The project pressed forward. No design to this magnitude had been attempted in the city before. SeoAhn Total Landscape created the design, yet its success relied heavily on the support of Seoul’s citizens to see the venture to fruition. Its construction was not easy and took a total of two years and three months to build. Civil engineers orchestrated the first phrase of the project’s construction, and landscape architects managed the final two phrases, overseeing teams of civil engineers, bridge designers, and lighting designers. Not only was the project enormously expensive, costing around $900 million dollars, but also hundreds of thousands of tons of water needed to be pumped into the city to revive the stream. There were rampant concerns in regards to safety and gentrification, and over 4,200 meetings were held to pacify alarmed business owners. All in all, it was a massive undertaking to construct, but, after the completion of the project in 2005, many have lauded the Cheonggyecheon stream restoration as a resounding success.
It is important to mention, however, that an endeavor of this magnitude and complexity is rarely without flaws. Since water is only naturally present in the Cheonggyecheon during the summer’s rainy season, consistent pumping of water from the Han and other sources is required to keep the stream filled year-round. Key accessibility measures, such as elevators, were not installed on-site until public demands necessitated them, highlighting the importance of designing for all user groups from the onset of a project.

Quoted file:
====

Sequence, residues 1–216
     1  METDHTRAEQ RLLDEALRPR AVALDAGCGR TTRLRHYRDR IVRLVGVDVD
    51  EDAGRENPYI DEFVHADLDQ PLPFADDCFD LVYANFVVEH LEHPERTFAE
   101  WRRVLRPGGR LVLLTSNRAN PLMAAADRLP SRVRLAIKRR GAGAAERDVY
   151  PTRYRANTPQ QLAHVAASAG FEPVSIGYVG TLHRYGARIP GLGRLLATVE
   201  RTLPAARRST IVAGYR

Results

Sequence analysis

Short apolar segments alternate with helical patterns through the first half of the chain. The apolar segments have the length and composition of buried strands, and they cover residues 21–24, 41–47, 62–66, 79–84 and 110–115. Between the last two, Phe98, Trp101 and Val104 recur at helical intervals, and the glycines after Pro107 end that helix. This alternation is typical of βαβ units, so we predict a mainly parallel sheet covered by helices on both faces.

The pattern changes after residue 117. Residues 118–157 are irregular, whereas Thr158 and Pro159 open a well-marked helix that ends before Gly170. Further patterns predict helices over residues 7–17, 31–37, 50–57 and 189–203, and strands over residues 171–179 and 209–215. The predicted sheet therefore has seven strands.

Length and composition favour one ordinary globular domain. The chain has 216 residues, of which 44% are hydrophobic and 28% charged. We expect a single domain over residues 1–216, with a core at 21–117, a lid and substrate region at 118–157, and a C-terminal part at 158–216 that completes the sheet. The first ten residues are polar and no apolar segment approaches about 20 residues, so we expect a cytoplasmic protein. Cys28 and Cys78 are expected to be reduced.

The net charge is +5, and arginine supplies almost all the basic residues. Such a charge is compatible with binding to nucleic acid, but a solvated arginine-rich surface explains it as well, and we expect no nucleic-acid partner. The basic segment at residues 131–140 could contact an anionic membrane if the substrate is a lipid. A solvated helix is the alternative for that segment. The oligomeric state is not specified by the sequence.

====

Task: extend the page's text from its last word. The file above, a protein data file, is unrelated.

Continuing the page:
In spite of these critiques, the results of the Cheonggyecheon stream restoration are nothing short of staggering. Detailed in a case study published by the Landscape Architecture Foundation (LAF) Landscape Performance Series, the amount of biodiversity has improved dramatically. From 2003 to 2008 alone, there was a 639% increase in area’s flora and fauna, cited in the study as follows: “overall biodiversity of plant species increasing from 62 to 308, fish species from 4 to 25, bird species from 6 to 36, aquatic invertebrate species from 5 to 53, insect species from 15 to 192, mammals from 2 to 4, and amphibians from 4 to 8.” The stream offers protection in the instance of a 200-year flood and reconnects the Cheonggyecheon to the Han River and Jungraechon Stream. Pollution levels have dropped - an accomplishment of particular merit due to fact that prior to the redesign, area residents in this part of Seoul were twice as likely to contract respiratory disease compared to the rest of the city. Temperatures due to urban heat island effect have dropped, and notable social and economic benefits are readily apparent. The Cheonggyecheon draws in around 64,000 visitors daily, and the influx of tourists to the area contribute to Seoul’s economy. Frequent events are hosted along the stream, a popular example being the annual lantern festival celebrating Korean culture and heritage.
The Cheonggyecheon stream restoration project and Seoul’s other reclaimed landscapes play a valuable role in promoting environmental and social health in the South Korean capital. The construction of the Cheonggyecheon in particular demonstrates to Seoul’s citizens and the rest of the world the limitless benefits that come from dedication to creating urban green space. There is an increasing recognition of the landscape architecture field, and I firmly believe that this discipline stands at the forefront of this reformed relationship between urban environments and natural spaces. With monumental precedents such as the Cheonggyecheon already successfully implemented, it is exciting to see what the future will bring to revitalized cities around the world.
“Back to a Future Seoul: CheongGyeCheon Restoration Project.” Seoul Metropolitan Government, 2005.
“Cheonggyecheon Stream Restoration Project.” Landscape Performance Series, Landscape Architecture Foundation.
Lah, T.J. “The huge success of the Cheonggyecheon restoration project: What’s left?” Citizen participation: Innovative and alternative modes for engaging citizens: Cases from the United States and South Korea. Rutgers, The State University of New Jersey, 2011 (97-117).